Do you remember how your last New Year’s Resolutions went? Did you give up sooner than you thought? The new year is a good time to take advantage of a fresh start. But when it comes to deciding how often you should set goals, once a year is not enough.
For maximum efficiency and constant motivation year-round, you should set new goals every 13 weeks, or once a quarter. You should not set goals yearly because it’s much harder to tackle goals on that large of a timeline and it’s too easy to get overwhelmed, lose motivation, and give up too early.
You don’t give up on your New Year’s goals because you don’t want them enough. It’s hard to stick with them because the traditional advice to set yearly goals just doesn’t work. What you need is a better system, and quarterly goals will give you that.
Why Quarterly Goals Work
“We mistakenly believe that there is a lot of time left in the year, and we act accordingly. We lack a sense of urgency, not realizing that every week is important, every day is important, every moment is important. Ultimately, effective execution happens daily and weekly!” ― Brian P. Moran
Let’s consider two scenarios that teach how often you should set goals.
In the first case, you set goals only once a year—in late December. This gives you 12 months to work on your goal. Not only is that a daunting amount of time, it’s also extremely difficult for your brain to comprehend accurately.
Because you can’t visualize success very easily, it’s really tough to maintain the motivation necessary to keep going when that initial excitement wears off. Add overwhelm to the mix and it’s pretty easy to see why most people give up on their goals early in the year.
For all these reasons, your yearly goal starts to fizzle out much earlier than you had hoped it would. You might stick it out until mid-February at the latest.
Before you know it, July has come and your mind is on summer vacation, so you say you’ll start again in the fall. But October hits and you think “I’ll just wait until the new year.” And the cycle begins all over again.
Imagine a second scenario in which you set goals four times every year. You only have to imagine 13 weeks instead of 52. That’s three months rather than 12, and just 91 days and not 365.
That’s much easier to wrap your head around. It’s far less overwhelming, too.
What’s even better, 91 days is short enough that you can actually challenge yourself to see how much you can do with it. Trying to do something every day for an entire year is far too much.
With quarterly goals, you get a reset every three months. That’s four “new year new you” moments every year. Each of these four is a chance for you to start your goals fresh.
When it gets hard in mid to late January, it’s easier to imagine going just a few more weeks. The motivation stays, you stick to your goals, and actually start reaching your dreams.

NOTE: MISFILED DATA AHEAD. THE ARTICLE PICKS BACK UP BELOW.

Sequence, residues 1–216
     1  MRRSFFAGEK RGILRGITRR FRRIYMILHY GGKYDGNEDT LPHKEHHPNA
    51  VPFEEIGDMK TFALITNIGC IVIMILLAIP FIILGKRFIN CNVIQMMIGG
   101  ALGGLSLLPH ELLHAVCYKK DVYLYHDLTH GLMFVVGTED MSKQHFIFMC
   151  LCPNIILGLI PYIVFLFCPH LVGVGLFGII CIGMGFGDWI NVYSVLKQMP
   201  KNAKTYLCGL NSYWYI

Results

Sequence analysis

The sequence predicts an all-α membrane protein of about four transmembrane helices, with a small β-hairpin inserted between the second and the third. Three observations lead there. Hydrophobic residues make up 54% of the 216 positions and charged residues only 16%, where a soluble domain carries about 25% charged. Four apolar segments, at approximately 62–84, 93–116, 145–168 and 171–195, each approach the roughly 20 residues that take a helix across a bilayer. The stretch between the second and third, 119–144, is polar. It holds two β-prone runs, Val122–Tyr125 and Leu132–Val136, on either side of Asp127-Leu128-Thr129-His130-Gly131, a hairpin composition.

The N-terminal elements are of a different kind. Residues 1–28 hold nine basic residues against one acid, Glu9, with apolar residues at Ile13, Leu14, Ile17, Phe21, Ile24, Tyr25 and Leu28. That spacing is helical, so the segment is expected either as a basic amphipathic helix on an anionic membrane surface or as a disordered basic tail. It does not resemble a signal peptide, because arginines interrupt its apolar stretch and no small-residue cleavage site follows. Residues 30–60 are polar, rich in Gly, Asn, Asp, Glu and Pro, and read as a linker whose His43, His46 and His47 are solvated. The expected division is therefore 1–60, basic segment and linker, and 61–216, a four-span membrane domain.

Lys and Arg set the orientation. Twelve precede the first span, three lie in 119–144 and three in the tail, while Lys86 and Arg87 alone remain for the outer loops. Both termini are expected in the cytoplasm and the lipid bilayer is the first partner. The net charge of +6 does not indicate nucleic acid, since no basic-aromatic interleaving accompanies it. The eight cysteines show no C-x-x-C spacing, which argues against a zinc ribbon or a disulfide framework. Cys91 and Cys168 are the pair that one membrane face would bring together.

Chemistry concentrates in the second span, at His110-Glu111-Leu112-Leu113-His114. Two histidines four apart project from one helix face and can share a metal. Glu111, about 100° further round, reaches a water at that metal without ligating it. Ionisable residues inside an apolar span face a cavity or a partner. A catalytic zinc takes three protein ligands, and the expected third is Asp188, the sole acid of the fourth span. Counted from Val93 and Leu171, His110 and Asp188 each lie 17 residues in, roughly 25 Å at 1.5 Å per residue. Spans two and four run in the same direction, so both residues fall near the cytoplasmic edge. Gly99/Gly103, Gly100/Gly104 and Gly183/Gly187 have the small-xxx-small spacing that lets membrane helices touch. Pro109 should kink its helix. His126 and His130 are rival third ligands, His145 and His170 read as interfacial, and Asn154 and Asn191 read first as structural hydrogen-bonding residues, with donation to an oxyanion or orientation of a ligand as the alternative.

How to Set Quarterly Goals
“Most impossible goals can be met simply by breaking them down into bite-size chunks, writing them down, believing them and going full speed ahead as if they were routine.” — Don Lancaster
The “why” of quarterly goals is obvious. And the “how” is pretty simple. Just set new goals every 13 weeks. Work hard on your goals for just 12 weeks. Then, for the last one, take a week off from your goals to reflect on how you did and what goals you want to set next.
That means you’ll start a new set of goals in January, April, July, and October. You’ll take breaks and set new goals at the end of March, June, September, and December.
Here are three of the best tools to help you take full advantage of quarterly goals:
- Challenge yourself. Set five critical tasks, one for each area of your life, and commit to doing every one of them for 84 days (12 weeks) straight.
- Track your goals. Use a journal, spreadsheet, pen and paper, or an app to mark your progress. Set daily action steps and weekly outcomes. Record whether or not you completed your action steps and reached your outcomes.
- Review your goals every week. At the end of each week sit down and review your progress. If you didn’t do your action steps or aren’t seeing results, find out why and make a change if necessary. Check in with yourself to make sure you still want the outcomes you set. Don’t be afraid to change them if your heart isn’t in it anymore.
If you find yourself needing a break mid-quarter, go for it! You’ll still have time to keep going on your goals as long as you recommit afterward.
Make sure that you take advantage of the week between quarters as well. During this time, don’t work on your goals but take 30-60 minutes every day to review your goals from the last quarter. Here’s how to determine the next steps with each:
- Continue your goal if you are on track to succeed but aren’t finished yet.
- Update your goal to meet new realities if external conditions have made it unobtainable on your timeline.
- Start a new goal if you feel like you’ve completed your previous ones or built your desired habits successfully.
- Stop your goal if you’ve determined that it’s not worth it to continue.
Repeat the process every quarter and you’ll find that reaching your dreams is a lot more attainable than ever before.
I’ve been setting quarterly goals since I discovered it a couple of years ago. For the first time in my 15+ years of goal-setting experience, I’ve seen all of my goals through to completion for two or three years in a row.
The simple reason that I know you should set new goals four times a year is that I know that it works from personal experience. It beats overwhelm, keeps motivation up, and lets you maintain the excitement for your goals all year long.
Reset your goals every 13 weeks and you’ll start to see a significant improvement in your ability to stick to your goals.